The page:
In Ryder’s mind, any and all materials were fair game for use. He often mixed pigment with such unconventional media as alcohol, grease, kerosene, candle wax, asphalt, linseed oil, and some that have yet to be identified. If he wasn’t satisfied with the thick melange of media and pigment, he might scrape the whole mess down to canvas and apply a glaze, or scumble over another part to produce the effect he wanted. Sometimes he poured varnish directly onto wet oils then painted on top of the varnish, too impatient to wait for either layer to dry. These feral methods made for mysteriously beautiful paintings that began to self destruct almost immediately because the mix of materials dried at different rates, or some (like asphalt) did not dry at all, causing whole sections of a painting to slide around, or develop cracks where the still wet underlayer continues to bubble out to this day. Other paintings have darkened so over the years it’s difficult to see much detail at all.
But when the effect is so glorious, his methods have proved to be worth it, however fragile or ephemeral the painting is. For seldom has anyone quite matched the mystical grandeur of his Moonlight Marine series, or The Lone Horseman, Temple of the Mind, Moonlit Cove, Macbeth and the Witches, and many others. Thankfully, contemporary photographs were taken of some of his work so we get to see how Ryder’s more unstable paintings appeared around the time of their creation.
When he wasn’t wrestling with his materials, he would often take long walks in the moonlight through the streets of Chelsea or Greenwich Village, or on occasion go out with a tight circle of artist friends.
# # #
One night he had supped in a tavern with friends and lingered with them for hours, drinking beer and enjoying their company, until one by one, they bid him goodnight until he found himself alone. His head dropping to his chest, he fell asleep and found himself in a dream that picked up where the visit with his friends had left off, except they were now rambling along one of Ryder’s favorite country lanes outside his boyhood home of New Bedford. The talk was jolly and it was a beautiful day in autumn, with a pale blue sky framed by green fields and patterned by the golds and reds and browns of the trees. As the sun dropped below the horizon, the animating light he so adored in nature began to radiate from the earth, a dark living light that shimmered with roiling, gradating colors that could not be found at noonday.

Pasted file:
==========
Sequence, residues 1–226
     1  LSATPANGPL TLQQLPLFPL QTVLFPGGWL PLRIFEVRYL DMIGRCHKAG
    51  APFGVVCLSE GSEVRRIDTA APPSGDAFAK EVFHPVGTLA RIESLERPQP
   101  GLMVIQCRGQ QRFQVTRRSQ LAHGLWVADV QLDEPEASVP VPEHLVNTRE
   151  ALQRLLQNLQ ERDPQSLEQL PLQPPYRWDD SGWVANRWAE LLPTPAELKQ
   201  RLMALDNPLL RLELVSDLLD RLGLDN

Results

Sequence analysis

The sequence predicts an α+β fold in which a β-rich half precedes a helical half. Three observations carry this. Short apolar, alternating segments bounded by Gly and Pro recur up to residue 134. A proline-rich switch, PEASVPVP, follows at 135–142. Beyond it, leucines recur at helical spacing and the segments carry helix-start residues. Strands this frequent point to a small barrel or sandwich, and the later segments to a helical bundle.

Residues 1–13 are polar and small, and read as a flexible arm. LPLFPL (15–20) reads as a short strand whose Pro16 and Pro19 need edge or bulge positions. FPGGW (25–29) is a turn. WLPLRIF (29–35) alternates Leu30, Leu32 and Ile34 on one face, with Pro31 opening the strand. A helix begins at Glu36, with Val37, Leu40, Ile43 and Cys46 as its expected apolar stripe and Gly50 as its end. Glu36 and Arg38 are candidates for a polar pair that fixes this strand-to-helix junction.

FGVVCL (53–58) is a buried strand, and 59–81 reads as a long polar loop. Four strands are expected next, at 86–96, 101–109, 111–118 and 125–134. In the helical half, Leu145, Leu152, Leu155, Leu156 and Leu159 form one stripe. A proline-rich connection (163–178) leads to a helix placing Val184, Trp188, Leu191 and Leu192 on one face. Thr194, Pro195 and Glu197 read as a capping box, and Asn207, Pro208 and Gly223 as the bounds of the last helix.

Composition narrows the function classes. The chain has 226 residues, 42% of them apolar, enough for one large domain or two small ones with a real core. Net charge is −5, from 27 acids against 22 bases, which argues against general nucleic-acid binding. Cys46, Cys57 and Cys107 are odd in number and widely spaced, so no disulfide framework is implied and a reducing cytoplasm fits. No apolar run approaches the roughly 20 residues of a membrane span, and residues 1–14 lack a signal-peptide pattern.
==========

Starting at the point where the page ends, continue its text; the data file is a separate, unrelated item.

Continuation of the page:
As the twilight deepened the companions passed a clearing where a massive full moon could be seen rising between two clumps of dark green trees, lighting their edges like ripped cloth of burnished gold. Ryder stopped, arrested by this sight; in his imagination it looked like it could be a scene from some of his favorite poems, Thomas Moore’s Lalla Rookh or Kublah Khan by Coleridge, and other stories set in exotic places like Persia and Arabia. What a painting it would make! As Ryder’s mind swam with golden turrets gleaming in the moonlight, his companions went on down the road without him into the deepening dusk, singing a merry song.
Torn between staying and following his friends, Ryder was about to do the latter when a man and woman entered the clearing from opposite sides as if on a stage. They stopped and faced one another about a dozen feet apart, stood still for a moment then ran together, colliding in a passionate embrace with Ryder watching wide eyed as they kissed and tore at each others clothing. Suddenly a woman’s voice rang out in the distance, calling a man’s name. The man jerked his head in the direction of the voice and pushed the woman away, holding her at arm’s length for a moment then released her and ran back the way he’d come, casting a look over his shoulder as he disappeared.
Left behind by her lover, the woman covered her face with her hands and wept.
Ryder felt himself trembling with rage. He didn’t like how that so-called man had abandoned his lover just because someone had called his name, the coward. He wanted to run up and take her in his arms and comfort her, but being a stranger knew he would only frighten her.